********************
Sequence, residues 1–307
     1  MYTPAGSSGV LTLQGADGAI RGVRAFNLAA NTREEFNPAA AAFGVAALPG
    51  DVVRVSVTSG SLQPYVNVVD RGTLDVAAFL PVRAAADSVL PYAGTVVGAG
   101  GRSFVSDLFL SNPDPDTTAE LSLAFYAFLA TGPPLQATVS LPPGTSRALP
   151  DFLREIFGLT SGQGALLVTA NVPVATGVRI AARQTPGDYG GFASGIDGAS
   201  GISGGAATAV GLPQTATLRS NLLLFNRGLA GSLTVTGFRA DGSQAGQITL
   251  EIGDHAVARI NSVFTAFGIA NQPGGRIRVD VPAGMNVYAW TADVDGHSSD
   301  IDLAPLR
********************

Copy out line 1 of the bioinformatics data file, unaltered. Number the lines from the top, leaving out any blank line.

Sequence, residues 1–307